Scott: One wrote “wipe them out, all leaders and followers.” Another wrote “bomb the hell out of them, they’re all barbaric animals anyway. Dirty muslim lives are less valuable than American lives,” “don’t stop until they’re dead.”
Scott: And finally one person wrote “they attacked us first, and therefore show no mercy.”
LEWIS: Nuclear Taboo? Notsomuch.
This study had tapped into something really dark. And way more widespread than Scott or Ben expected.
Ben: I do remember that moment with my jaw kind of dropped because I expected significant but not that high
.I thought we might get 30% sort of Hardcore right-wing Hawks saying I don’t care what happens in Iran but you know the numbers that we got obviously include a significant number of Democrats and we can’t just conclude that these are the the fringes of the American public
LEWIS: Later, on another one of our trips to Hiroshima, Scott presented the findings. We were back in that same hotel ballroom. Up on the screen is a bar graph, showing how many Americans are willing to nuke Iran.
J: And do you remember— I actually vividly remember — the first time you showed that slide at the Prince Hotel. In one of our meetings. Do you remember doing that?
S: Yeah because I was concerned that that would be offensive to the Japanese.
As it is to some americans. / I know that many in Japan believe that there’s a taboo but what they really mean is that they think there should
be a taboo.
LEWIS: It’s comforting to think it couldn’t happen again. Comforting, but wrong.
Scott: I believe this should make us really worried because it suggests that leaders who can take aggressive acts are less likely to be punished for those things. And that the public will be a goad in crises rather than being a constraint. That is not a happy lesson to be learned.
LEWIS: “They attacked us first.” “They’re barbaric animals.
Sometimes it’s hard for me to imagine that people are this cruel. And then I’ll catch a bit of cable news.
Sandra: the president tweeted out that they will pay a big price. He said this is not a warning, it’s a threat, in a new year… in a new year’s message. Mr. Secretary, what is president trump’s willingness to further engage there?
LEWIS: This is a Fox News interview with Trump’s Secretary of Defense Mark Esper.
Esper … he is absolutely correct that If anybody challenges us, they will be met with a severe response, a strong response by U.S. Forces.
Sandra: what does that response look like?
Esper: I’m not going to telegraph we are going to do, but people know we have vast capability to do any number of things. We will act in response to actions by Iran or its proxies and we will at to preempt any attacks on our forces, our personnel… and now our aim is to deter further Iranian bad behavior that has been going on now for over 40 years. It’s time that Iran started acting like a normal country.
Vitter: It’s a long lst of bad behavior and i’m glad you brough that up.
It’s like a sandbox in grade school. Sometimes bullies don’t understand sanctions, tough talk, deployments, air strikes against proxies. Bullies understand a punch in the nose. Is there a time the bullies and ayatollahs need a punch in the nose … [source]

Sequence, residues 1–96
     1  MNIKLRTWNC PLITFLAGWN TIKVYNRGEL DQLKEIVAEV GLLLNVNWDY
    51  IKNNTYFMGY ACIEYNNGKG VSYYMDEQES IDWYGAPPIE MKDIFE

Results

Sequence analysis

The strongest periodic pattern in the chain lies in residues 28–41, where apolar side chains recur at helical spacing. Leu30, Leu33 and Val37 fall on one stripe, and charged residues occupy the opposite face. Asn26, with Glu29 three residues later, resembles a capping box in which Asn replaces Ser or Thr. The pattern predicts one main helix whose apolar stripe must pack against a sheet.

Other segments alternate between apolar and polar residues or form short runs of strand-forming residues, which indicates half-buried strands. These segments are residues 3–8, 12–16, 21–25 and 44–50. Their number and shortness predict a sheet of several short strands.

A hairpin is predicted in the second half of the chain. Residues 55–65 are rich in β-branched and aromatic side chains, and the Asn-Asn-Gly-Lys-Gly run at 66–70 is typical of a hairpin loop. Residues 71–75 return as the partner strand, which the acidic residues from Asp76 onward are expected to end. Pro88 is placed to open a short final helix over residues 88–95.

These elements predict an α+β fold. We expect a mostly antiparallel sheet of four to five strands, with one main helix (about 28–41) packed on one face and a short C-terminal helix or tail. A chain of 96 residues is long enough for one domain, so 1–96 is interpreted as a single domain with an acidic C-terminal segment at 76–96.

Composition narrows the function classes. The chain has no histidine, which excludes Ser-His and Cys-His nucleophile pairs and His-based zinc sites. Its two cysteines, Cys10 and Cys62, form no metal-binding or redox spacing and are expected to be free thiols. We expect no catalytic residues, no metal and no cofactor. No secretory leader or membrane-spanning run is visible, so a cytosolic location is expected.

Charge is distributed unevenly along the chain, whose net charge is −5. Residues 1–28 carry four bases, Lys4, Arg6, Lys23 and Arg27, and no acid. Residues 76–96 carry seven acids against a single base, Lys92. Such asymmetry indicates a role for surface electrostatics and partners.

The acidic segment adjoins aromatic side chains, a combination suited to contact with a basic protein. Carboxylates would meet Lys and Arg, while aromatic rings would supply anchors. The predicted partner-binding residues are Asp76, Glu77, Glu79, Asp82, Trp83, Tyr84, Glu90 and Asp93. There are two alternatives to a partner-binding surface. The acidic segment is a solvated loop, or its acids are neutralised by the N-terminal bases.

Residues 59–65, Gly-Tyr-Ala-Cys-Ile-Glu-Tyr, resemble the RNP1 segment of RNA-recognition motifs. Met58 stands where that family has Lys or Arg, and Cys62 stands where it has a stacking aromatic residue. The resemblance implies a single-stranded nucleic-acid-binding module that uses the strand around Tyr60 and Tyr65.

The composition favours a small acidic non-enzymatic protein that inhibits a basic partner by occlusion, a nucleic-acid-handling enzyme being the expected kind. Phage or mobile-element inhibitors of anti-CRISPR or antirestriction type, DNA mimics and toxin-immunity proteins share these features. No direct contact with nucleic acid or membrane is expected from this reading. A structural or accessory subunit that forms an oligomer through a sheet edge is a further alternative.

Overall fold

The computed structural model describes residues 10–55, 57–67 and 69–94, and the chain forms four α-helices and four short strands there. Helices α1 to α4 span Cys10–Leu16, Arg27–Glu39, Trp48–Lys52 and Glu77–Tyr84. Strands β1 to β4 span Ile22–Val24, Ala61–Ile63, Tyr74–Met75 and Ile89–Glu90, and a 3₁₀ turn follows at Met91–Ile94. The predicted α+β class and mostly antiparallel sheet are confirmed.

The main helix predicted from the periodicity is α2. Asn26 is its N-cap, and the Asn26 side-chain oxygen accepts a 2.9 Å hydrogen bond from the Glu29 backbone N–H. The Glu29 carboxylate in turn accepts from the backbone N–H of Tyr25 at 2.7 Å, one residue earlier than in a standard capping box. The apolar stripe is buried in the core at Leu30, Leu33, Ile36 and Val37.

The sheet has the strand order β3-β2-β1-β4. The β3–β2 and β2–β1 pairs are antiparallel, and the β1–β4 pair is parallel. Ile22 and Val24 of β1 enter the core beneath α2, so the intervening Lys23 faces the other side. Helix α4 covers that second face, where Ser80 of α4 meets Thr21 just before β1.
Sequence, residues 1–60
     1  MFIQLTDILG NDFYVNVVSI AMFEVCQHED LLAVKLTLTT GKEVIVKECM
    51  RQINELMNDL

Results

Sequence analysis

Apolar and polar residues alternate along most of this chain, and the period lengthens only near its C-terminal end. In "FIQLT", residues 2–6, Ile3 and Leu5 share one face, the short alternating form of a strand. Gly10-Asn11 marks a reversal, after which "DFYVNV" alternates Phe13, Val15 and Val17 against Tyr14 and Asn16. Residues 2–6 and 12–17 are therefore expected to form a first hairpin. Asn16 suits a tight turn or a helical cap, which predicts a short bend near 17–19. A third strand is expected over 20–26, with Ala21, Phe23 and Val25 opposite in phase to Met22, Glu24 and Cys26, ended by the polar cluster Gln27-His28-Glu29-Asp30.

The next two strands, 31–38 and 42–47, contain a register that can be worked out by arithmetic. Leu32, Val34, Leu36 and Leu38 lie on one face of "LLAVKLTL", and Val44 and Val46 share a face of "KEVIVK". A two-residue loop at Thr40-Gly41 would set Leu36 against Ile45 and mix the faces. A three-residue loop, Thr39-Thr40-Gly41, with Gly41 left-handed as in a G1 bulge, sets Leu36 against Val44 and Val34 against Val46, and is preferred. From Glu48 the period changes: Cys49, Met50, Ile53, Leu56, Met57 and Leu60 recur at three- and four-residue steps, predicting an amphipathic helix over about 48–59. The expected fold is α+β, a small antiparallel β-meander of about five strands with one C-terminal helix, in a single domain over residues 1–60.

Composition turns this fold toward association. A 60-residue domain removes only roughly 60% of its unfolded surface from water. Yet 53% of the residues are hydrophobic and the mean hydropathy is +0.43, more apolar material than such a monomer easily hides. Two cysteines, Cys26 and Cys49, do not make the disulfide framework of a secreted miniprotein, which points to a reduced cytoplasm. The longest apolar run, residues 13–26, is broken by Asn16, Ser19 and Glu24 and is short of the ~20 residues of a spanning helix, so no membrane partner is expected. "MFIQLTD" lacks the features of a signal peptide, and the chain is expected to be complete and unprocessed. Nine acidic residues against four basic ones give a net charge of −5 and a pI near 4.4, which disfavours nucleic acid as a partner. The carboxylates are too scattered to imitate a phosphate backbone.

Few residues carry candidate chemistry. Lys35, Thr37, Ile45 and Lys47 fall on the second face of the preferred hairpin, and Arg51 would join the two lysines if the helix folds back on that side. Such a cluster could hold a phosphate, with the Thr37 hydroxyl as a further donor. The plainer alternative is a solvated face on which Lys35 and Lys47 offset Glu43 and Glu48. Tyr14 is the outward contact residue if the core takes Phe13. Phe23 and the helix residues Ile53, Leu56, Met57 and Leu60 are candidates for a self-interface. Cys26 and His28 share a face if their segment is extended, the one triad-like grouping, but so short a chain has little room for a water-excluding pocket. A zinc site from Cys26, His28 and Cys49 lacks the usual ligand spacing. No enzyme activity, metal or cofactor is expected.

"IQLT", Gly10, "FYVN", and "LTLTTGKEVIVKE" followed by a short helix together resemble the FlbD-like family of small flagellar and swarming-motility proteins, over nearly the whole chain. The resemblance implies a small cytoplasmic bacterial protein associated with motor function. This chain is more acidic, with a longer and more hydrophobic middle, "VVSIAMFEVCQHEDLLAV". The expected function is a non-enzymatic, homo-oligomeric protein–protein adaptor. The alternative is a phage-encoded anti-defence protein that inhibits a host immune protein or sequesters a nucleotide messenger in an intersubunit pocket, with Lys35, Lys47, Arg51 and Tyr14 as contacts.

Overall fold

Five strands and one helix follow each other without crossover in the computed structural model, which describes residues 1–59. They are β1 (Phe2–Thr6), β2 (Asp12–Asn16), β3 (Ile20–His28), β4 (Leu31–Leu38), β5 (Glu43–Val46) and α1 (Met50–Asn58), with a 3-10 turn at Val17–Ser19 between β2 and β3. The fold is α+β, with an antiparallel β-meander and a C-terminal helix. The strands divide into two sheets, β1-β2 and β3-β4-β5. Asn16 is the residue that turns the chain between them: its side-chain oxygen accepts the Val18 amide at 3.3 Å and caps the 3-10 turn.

LEWIS: If you attack us, we’ll attack you. This isn’t some fringe idea— it is the whole idea of how nuclear weapons are supposed t
o work. It’s simple: I ask my son “Why did you hit your brother?” And he says “Because he hit me first.”
Most academics call this Nuclear Deterrence.
A friend of mine once called it “the power to hurt.”
LEWIS: At the beginning of this series, I filled up a bucket with beebees, to try to explain how much power to hurt we have in the world today.
LEWIS: I said that it is bizarre that we live with enough firepower to kill every person on earth and most people don’t even think about it. After the atomic bomings of Hiroshima and Nagasaki, Albert Einstein said something similar — that the atomic bomb had changed everything, except our way of thinking. What he meant was this: The idea of responding to violence with violence? That no longer makes any sense when we’re talking about thousands and thousands of nuclear weapons.
LEWIS: No one wins a nuclear war! Nuclear weapons are a shared
danger to everyone. What was so special about the Iran nuclear deal, in my opinion, was that we took a shared danger, and created a shared solution.
LEWIS: A future with fewer bombs, not more. / It was an opening to a relationship that didn’t depend on the power to hurt.
LEWIS: Without the deal, Iran may build nuclear weapons. And America and Israel will keep building up their nuclear arsenals, too.
We think we’re enemies, but we’re really making a choice, together.
Because we’re betting that no one will never do anything stupid with their nuclear weapons.
That we’re so much smarter than the people who lived before.
And that the nuclear taboo will work perfectly. Forever.
LEWIS: Its not that I wake up every day thinking that today is the day we’re going to die in a nuclear war. It’s that I know, if we keep choosing more nuclear weapons, forever, someday, our luck will run out.
The Deal was produced by me, Jeffrey Lewis along with Erin Davis, Mitchell Johnson and Juliette Luini with additional help from Ellie Barney and Jessica Varnum.Editorial support from Julia Barton. Our original score by Hannis Brown. Special thanks to the James Martin Center for Nonproliferation Studies, the Middlebury Institute of International Studies at Monterey and Middlebury College. Rate and review the show wherever you are listening now.
Additional thanks to the amazing Tom Lehrer for permission to use his song We’ll All Go Together When We Go.